In an embarrassing U-turn, the Government has shelved plans to change the way the Treasury taxes the foreign dividends earned by subsidiaries of multinational companies based in Britain.
In a letter to the CBI, the Financial Secretary to the Treasury, Jane Kennedy, said: "The fiscal risks are too great to enable us to introduce a dividend exemption in next year's Finance Bill. I would welcome further discussion on the analysis of these costs. This will enable us to come to a better understanding of the associated fiscal risk and work towards a package that would enhance UK competitiveness and meet our objective of revenue neutrality."
The move was welcomed by the director general of the CBI, Richard Lambert, who replied to the Treasury stating: "This is a particularly important issue for internationally mobile businesses, many of which have increasing flexibility on where to locate. Much work is still needed but this needs to be pushed forward with the minimum of delay. Business still hopes that proposals can be included in the 2009 Finance Bill."
The Treasury wanted to simplify taxes on business and offered a deal whereby a crackdown on tax avoidance would be exchanged for an exemption on foreign profits.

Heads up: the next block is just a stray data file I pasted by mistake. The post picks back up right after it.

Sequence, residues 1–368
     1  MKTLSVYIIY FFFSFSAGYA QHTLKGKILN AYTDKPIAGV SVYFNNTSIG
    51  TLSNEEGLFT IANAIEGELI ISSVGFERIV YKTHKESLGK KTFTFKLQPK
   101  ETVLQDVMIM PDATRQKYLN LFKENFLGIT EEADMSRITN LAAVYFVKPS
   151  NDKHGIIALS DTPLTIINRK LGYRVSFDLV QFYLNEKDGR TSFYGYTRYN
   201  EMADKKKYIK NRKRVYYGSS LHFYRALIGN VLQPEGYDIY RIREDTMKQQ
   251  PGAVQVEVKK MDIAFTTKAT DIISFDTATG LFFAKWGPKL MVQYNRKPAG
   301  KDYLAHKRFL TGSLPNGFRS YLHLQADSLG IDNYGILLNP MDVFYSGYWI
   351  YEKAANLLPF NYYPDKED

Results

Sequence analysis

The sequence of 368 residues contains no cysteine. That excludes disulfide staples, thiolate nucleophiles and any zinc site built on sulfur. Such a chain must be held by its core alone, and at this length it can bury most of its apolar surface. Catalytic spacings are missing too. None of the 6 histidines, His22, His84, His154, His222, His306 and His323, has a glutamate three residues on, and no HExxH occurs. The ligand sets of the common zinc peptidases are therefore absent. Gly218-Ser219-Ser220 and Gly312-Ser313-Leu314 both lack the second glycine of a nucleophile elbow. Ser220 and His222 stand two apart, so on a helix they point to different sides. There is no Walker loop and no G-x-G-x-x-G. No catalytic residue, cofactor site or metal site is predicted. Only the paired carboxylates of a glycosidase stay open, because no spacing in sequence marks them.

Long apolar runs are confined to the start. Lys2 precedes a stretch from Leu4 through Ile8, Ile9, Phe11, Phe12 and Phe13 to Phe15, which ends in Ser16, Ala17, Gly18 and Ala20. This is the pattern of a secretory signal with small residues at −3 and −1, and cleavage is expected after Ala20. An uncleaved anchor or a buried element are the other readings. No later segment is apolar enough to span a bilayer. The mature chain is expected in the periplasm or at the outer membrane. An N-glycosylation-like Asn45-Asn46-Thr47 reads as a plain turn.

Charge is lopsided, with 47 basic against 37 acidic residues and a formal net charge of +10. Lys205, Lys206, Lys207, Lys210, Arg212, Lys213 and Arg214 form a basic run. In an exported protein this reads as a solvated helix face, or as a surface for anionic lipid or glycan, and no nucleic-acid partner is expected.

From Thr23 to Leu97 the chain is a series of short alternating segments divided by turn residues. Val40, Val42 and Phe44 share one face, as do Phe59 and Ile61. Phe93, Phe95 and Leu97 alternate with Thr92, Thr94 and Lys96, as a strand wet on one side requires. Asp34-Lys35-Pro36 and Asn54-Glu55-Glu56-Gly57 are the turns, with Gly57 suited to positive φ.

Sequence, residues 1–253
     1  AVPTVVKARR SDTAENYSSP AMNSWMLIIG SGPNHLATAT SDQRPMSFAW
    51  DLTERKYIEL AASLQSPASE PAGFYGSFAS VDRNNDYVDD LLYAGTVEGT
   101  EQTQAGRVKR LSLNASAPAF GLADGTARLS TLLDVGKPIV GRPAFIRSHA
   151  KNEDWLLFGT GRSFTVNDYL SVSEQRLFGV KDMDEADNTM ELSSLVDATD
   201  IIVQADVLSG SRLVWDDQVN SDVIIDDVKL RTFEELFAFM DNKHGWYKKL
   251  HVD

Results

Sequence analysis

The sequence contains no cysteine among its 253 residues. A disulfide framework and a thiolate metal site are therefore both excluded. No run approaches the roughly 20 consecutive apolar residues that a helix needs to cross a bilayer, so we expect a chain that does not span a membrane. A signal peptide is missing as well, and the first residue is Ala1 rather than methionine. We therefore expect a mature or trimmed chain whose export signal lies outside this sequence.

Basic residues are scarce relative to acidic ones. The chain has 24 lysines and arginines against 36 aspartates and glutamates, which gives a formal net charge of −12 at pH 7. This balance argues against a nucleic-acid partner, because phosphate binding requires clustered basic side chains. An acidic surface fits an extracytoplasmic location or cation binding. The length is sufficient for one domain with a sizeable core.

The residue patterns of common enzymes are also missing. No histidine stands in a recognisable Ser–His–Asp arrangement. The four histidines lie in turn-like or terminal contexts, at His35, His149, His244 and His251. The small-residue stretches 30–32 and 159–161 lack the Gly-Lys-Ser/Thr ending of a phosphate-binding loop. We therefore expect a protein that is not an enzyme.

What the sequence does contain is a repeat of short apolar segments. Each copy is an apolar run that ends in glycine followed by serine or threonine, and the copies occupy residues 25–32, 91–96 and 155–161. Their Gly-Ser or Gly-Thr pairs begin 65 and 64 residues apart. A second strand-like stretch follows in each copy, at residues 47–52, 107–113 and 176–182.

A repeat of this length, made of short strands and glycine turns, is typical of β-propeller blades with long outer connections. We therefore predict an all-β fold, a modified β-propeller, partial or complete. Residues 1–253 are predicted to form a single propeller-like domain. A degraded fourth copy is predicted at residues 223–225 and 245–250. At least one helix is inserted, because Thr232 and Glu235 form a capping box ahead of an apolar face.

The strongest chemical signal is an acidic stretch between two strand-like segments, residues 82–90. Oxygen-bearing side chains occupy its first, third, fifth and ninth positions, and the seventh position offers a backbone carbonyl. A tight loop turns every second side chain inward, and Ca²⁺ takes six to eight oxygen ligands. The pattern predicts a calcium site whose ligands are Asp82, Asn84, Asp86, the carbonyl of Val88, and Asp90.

But their plans raised concerns among executives and business leaders about the closure of these tax concessions and the differential impact on companies with substantial assets and activities outside the UK. The Government was also keen to prevent companies from shifting operations overseas, at least on paper, as a method of avoiding tax altogether.
Recently companies including the pharmaceuticals group Shire, the business information group United Business Media and Yahoo! have all said they will move to offices outside the UK for tax reasons. Ireland is one destination that many companies find attractive.
At the moment the UK taxes dividend earned abroad after discounting taxes collected locally. But that system yields little revenue while creating an administrative burden for companies, according to the Treasury.
But by eliminating the foreign dividend tax completely, companies would be technically able to shift revenue to lower-tax jurisdiction depriving the UK Government of revenue. That worry prompted the Treasury to examine its rules for the taxation of income earned by foreign subsidiaries.
The Treasury first proposed the changes in the March 2007 Budget and issued a consultative document in June that year.
The shadow Chancellor, George Osborne, said of Alistair Darling, the Chancellor: "We welcome the fact that he's ditched this disastrous policy, but even proposing the tax on foreign profits was deeply damaging to UK business."
Ms Kennedy added in her letter to Mr Lambert: "I would like to discuss our position with you and other representatives of business ... I expect this to form part of the agenda for the next meeting of the Business-Government Forum on Tax and Globalisation."Reuse content